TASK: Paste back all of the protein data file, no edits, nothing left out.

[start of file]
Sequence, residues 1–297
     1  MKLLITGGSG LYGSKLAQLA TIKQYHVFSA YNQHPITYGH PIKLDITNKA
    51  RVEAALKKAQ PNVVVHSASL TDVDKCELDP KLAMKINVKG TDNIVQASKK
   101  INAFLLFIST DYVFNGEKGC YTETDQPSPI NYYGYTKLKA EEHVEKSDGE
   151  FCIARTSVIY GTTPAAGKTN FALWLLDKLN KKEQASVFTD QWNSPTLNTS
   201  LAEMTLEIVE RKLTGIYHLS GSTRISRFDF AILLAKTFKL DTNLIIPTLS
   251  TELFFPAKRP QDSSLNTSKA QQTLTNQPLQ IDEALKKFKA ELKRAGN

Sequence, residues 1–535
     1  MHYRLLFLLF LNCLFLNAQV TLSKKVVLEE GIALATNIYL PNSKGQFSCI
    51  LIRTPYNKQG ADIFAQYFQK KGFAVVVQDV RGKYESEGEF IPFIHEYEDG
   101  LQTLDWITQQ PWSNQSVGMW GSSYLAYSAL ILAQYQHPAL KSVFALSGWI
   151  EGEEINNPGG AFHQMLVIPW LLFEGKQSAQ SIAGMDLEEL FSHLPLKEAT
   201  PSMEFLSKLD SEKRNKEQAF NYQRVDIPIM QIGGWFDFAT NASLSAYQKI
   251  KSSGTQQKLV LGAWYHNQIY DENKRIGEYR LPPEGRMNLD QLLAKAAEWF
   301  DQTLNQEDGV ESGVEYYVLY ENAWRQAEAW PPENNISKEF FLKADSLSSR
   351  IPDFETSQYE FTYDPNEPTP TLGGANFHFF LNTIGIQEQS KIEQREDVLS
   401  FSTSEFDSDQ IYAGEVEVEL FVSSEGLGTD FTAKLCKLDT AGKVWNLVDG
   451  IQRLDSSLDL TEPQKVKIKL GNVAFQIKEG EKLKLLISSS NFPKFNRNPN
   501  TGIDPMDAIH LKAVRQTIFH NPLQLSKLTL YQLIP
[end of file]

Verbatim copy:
Sequence, residues 1–297
     1  MKLLITGGSG LYGSKLAQLA TIKQYHVFSA YNQHPITYGH PIKLDITNKA
    51  RVEAALKKAQ PNVVVHSASL TDVDKCELDP KLAMKINVKG TDNIVQASKK
   101  INAFLLFIST DYVFNGEKGC YTETDQPSPI NYYGYTKLKA EEHVEKSDGE
   151  FCIARTSVIY GTTPAAGKTN FALWLLDKLN KKEQASVFTD QWNSPTLNTS
   201  LAEMTLEIVE RKLTGIYHLS GSTRISRFDF AILLAKTFKL DTNLIIPTLS
   251  TELFFPAKRP QDSSLNTSKA QQTLTNQPLQ IDEALKKFKA ELKRAGN

Sequence, residues 1–535
     1  MHYRLLFLLF LNCLFLNAQV TLSKKVVLEE GIALATNIYL PNSKGQFSCI
    51  LIRTPYNKQG ADIFAQYFQK KGFAVVVQDV RGKYESEGEF IPFIHEYEDG
   101  LQTLDWITQQ PWSNQSVGMW GSSYLAYSAL ILAQYQHPAL KSVFALSGWI
   151  EGEEINNPGG AFHQMLVIPW LLFEGKQSAQ SIAGMDLEEL FSHLPLKEAT
   201  PSMEFLSKLD SEKRNKEQAF NYQRVDIPIM QIGGWFDFAT NASLSAYQKI
   251  KSSGTQQKLV LGAWYHNQIY DENKRIGEYR LPPEGRMNLD QLLAKAAEWF
   301  DQTLNQEDGV ESGVEYYVLY ENAWRQAEAW PPENNISKEF FLKADSLSSR
   351  IPDFETSQYE FTYDPNEPTP TLGGANFHFF LNTIGIQEQS KIEQREDVLS
   401  FSTSEFDSDQ IYAGEVEVEL FVSSEGLGTD FTAKLCKLDT AGKVWNLVDG
   451  IQRLDSSLDL TEPQKVKIKL GNVAFQIKEG EKLKLLISSS NFPKFNRNPN
   501  TGIDPMDAIH LKAVRQTIFH NPLQLSKLTL YQLIP